Learning that the thing that makes me a woman—biologically, at least— was the very thing threatening to end my life caused the earth beneath me to shift. As an ally to the trans community, I understand intellectually that gender is much more than biology. But emotionally, I felt betrayed by my body and by my womanhood.
Despite the sexism that women can face at work, home, church, and even while walking down the street, I have never seen being a woman as a cross to bear. Of course, I was aware of the horrific oppression faced by women and girls in some countries—including the United States. But these stories and statistics only made me more fiercely feminist. I wanted every woman to feel like womanhood was a blessing. But now, all of a sudden, it felt like a curse.
For months I tried to keep my diagnosis a secret, only telling a few close family members and friends about the lumpectomy I had in February of 2020. But as I got closer to my first day of chemotherapy, I knew I’d soon have to share the news with more people because soon I’d be bald.
There was no chance I’d run into friends at a networking event or at my favorite restaurant or wine bar. The COVID-19 pandemic had us all confined to our homes. But because of See Jane Write, I do live broadcasts on Facebook, and I post pictures and videos to Instagram often. I knew eyebrows would raise once people noticed I no longer had any. I knew I would have to go public with this fight against cancer, and I knew I would have to fight like a feminist.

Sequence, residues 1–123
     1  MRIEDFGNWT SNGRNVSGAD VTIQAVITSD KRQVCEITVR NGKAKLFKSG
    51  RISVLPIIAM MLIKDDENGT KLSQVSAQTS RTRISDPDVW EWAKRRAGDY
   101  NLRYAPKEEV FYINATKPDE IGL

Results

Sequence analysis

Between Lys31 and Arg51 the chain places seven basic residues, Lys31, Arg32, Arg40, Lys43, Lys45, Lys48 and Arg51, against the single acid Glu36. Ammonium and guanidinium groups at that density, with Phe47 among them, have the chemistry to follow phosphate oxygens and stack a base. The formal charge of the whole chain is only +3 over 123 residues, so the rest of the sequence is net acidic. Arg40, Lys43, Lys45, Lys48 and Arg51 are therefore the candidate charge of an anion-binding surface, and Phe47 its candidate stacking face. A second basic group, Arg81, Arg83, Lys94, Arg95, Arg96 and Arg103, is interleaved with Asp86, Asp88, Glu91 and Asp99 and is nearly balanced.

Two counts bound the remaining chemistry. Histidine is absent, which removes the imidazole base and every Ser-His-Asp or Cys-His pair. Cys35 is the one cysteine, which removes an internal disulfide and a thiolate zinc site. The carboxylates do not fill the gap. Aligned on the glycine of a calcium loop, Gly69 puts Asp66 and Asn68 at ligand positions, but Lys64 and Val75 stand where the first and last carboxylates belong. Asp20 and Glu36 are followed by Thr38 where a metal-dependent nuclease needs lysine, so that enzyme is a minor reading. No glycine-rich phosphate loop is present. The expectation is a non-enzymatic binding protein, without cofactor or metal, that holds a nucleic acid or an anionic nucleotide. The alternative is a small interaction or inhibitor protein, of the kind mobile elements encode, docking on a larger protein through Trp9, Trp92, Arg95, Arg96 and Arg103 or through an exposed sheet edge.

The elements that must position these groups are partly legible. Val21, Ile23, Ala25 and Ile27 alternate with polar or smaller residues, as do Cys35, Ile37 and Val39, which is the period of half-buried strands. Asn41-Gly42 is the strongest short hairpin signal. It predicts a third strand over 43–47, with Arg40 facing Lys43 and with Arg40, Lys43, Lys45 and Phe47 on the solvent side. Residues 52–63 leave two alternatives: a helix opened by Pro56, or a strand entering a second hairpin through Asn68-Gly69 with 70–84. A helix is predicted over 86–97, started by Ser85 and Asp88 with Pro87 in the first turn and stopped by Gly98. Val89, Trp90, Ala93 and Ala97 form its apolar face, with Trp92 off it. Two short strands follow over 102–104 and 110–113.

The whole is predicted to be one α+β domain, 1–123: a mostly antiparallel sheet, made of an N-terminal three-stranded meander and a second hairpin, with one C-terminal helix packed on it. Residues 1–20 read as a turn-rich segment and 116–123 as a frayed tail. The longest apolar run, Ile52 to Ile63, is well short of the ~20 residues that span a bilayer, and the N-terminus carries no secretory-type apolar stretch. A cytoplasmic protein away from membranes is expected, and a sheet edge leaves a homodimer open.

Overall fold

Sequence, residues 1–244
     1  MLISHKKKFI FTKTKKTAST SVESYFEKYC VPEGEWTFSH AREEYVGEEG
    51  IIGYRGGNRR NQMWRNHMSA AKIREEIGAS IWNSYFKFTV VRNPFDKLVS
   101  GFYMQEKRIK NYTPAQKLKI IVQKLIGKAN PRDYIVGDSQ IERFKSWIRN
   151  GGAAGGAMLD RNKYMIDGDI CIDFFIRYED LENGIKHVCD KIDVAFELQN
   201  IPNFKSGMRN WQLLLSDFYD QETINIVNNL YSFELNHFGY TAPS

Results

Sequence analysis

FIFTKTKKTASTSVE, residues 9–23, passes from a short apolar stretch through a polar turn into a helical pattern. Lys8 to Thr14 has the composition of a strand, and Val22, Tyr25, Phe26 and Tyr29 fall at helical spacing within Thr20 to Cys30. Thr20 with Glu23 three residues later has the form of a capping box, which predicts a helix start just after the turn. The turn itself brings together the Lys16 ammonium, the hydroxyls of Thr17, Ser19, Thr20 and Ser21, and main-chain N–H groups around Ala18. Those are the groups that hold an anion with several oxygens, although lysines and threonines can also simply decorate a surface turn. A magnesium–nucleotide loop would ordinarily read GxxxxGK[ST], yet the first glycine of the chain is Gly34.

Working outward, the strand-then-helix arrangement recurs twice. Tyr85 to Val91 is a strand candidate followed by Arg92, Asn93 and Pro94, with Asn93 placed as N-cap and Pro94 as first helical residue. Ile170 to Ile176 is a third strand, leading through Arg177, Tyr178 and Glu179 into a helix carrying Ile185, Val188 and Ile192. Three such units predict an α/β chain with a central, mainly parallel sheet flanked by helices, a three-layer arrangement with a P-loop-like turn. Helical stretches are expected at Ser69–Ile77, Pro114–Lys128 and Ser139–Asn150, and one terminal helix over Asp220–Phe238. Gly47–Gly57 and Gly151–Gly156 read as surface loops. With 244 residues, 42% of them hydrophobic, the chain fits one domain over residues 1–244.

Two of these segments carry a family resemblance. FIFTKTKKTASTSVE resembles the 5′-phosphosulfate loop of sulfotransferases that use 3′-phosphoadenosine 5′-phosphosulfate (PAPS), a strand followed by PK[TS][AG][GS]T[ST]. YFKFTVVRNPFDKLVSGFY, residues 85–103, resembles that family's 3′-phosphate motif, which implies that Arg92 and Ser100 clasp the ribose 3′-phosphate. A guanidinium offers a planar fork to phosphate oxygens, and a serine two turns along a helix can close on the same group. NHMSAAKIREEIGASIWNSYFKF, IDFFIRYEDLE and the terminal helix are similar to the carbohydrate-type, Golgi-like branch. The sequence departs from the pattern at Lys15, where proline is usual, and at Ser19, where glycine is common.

But how does a feminist fight cancer? First, she makes a playlist because every battle needs a fight song. Of course, Destiny Child’s “Survivor” is at the top of my list.
But just as there’s no one way to be a woman, there’s no single way to be a feminist. And likewise, every cancer warrior must fight in their own way. Being a writer, I decided I would fight with words. As a friend of mine, who’s also a writer, once said, “I fight with my fingertips.” That mindset shifted how I approached every aspect of my battle with cancer.
During cancer treatments, I wrote from my body and for my body. I wrote as if the sentences could replace the locks of hair that fell into the shower after my curls became a casualty of chemo. I wrote as if the syllables could dry my tear- stained face. I wrote and pretended the dark spots on my tongue, fingernails, palms, and the bottoms of my feet were splotches of ink.
I wrote as if adjectives could restore my taste buds, allow me to know spicy, savory, and sweet once again. I wrote as if vowels and consonants could calm my constantly queasy belly. I wrote even when hand-foot syndrome made it nearly impossible to hold a pen or touch my fingertips to a keyboard.
When facing a disease like cancer, fighting for your life isn’t simply about fighting to stay alive. You’re not only trying to keep your heart beating from one day to the next. When you feel like cancer is taking away every goal and every dream, you’re fighting to remember who you are.
So, I write. With Beyoncé’s “Find Your Way Back” playing in my ears, I write in journals, essays, poetry, blog posts, and even in the Notes app of my phone.
I write my way back to myself, and I share my words with my sisters so that they—no matter what battle they’re fighting—can write their way home too.
Buy Find Your Way Back
About Javacia Harris Bowser
Javacia Harris Bowser is an award-winning essayist and journalist and the founder of See Jane Write. A proud graduate of the journalism programs at the University of Alabama and the University of California at Berkeley, Javacia has written for USA Today, HerMoney.com, and Good Grit magazine. Named one of Birmingham’s Top 40 Under 40, she believes we can all write our way to the life of our dreams.
IG & Twitter @seejavaciawrite